WKU Public Radio News Staff
Tue March 25, 2014
Still No Agreement On Making Up Snow Days
Kentucky state lawmakers have failed to agree on a bill that would relax the state's school attendance laws because of the unusual number of snowstorms this winter.
State law requires school districts to have at least 170 days and 1,062 hours of classroom instruction each school year. But some school districts have missed more than 30 days this year because of snow, pushing the school year for some districts toward the end of June or even into July.
House and Senate negotiators could not agree Monday on when the school year should end. House Speaker Greg Stumbo said the bill is so important, he'd be willing to appoint new negotiators to try again. Lawmakers have just eight legislative days left to reach a compromise.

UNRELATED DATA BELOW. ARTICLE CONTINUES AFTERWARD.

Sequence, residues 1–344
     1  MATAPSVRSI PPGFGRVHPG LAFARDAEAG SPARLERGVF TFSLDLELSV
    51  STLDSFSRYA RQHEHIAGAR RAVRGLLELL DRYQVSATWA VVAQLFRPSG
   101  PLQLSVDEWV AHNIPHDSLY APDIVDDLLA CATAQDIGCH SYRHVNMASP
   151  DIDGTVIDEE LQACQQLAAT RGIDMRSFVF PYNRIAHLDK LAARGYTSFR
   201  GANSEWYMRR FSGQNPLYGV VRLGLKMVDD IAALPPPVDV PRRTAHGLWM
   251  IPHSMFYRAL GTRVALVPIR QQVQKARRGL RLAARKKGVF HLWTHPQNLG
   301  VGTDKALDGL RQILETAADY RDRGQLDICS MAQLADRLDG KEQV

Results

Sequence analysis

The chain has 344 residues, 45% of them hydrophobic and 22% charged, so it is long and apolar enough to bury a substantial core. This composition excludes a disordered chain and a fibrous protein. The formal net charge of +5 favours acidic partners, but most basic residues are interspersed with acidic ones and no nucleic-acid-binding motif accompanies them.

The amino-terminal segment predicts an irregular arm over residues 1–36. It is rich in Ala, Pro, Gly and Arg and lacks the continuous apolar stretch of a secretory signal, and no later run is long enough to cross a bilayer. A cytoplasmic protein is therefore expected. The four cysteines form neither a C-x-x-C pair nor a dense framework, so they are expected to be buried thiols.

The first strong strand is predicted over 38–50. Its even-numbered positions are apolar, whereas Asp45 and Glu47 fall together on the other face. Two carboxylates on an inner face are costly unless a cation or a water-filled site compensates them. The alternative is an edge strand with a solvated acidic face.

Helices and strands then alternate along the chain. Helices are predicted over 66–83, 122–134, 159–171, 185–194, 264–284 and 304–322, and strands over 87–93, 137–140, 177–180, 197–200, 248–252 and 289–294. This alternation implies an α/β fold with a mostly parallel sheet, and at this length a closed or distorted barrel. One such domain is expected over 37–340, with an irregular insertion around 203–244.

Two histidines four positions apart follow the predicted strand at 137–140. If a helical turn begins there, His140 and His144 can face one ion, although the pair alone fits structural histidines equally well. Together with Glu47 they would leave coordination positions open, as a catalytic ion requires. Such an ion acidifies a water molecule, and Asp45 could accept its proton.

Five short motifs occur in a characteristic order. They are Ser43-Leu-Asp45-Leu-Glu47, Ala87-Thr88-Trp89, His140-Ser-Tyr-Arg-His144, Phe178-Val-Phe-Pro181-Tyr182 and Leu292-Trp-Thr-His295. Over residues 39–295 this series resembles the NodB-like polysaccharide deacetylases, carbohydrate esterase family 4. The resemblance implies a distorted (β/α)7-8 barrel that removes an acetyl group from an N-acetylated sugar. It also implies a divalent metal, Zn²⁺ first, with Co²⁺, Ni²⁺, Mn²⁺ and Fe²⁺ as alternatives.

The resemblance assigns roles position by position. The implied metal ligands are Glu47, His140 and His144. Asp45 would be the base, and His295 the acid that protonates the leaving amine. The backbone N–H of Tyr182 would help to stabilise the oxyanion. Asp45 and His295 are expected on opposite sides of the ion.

In fact, more than 250 bills are in limbo as the Kentucky state legislature enters the final week of their session. Just 22 of the 824 bills filed this year have passed both the House and the Senate and, of those, only eight have become law.
Legislators still need to pass a $20 billion biennial budget, a $4.5 billion two-year road spending plan and a bill setting state revenues for the next two years that includes a gas tax increase in the House version. Also pending are bills that would restore voting rights to some convicted felons, increase the penalties of high volume heroin dealers and stop lawmakers from boosting their pension benefits by taking a high paying state job toward the end of their careers.